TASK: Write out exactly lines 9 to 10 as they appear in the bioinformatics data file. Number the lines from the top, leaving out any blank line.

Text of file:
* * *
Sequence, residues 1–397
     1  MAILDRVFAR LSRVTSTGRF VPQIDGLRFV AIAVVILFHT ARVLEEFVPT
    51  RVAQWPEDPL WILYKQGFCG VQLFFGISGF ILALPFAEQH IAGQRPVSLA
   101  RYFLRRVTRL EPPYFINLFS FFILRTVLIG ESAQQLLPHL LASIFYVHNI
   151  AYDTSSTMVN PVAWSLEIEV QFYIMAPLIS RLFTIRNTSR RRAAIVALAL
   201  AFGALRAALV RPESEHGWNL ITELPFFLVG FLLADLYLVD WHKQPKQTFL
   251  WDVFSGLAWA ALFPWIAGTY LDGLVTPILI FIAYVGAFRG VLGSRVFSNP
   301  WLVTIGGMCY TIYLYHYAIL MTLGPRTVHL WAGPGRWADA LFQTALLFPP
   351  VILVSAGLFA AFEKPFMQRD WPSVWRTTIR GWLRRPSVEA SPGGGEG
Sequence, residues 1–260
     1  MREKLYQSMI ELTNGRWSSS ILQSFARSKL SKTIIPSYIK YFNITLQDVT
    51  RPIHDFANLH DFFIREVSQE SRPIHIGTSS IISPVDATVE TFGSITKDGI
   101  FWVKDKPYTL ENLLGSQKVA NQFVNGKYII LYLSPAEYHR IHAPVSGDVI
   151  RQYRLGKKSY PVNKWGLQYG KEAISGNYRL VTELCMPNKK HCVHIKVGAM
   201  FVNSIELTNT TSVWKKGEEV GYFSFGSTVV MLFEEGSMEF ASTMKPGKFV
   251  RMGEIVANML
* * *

   351  VILVSAGLFA AFEKPFMQRD WPSVWRTTIR GWLRRPSVEA SPGGGEG
Sequence, residues 1–260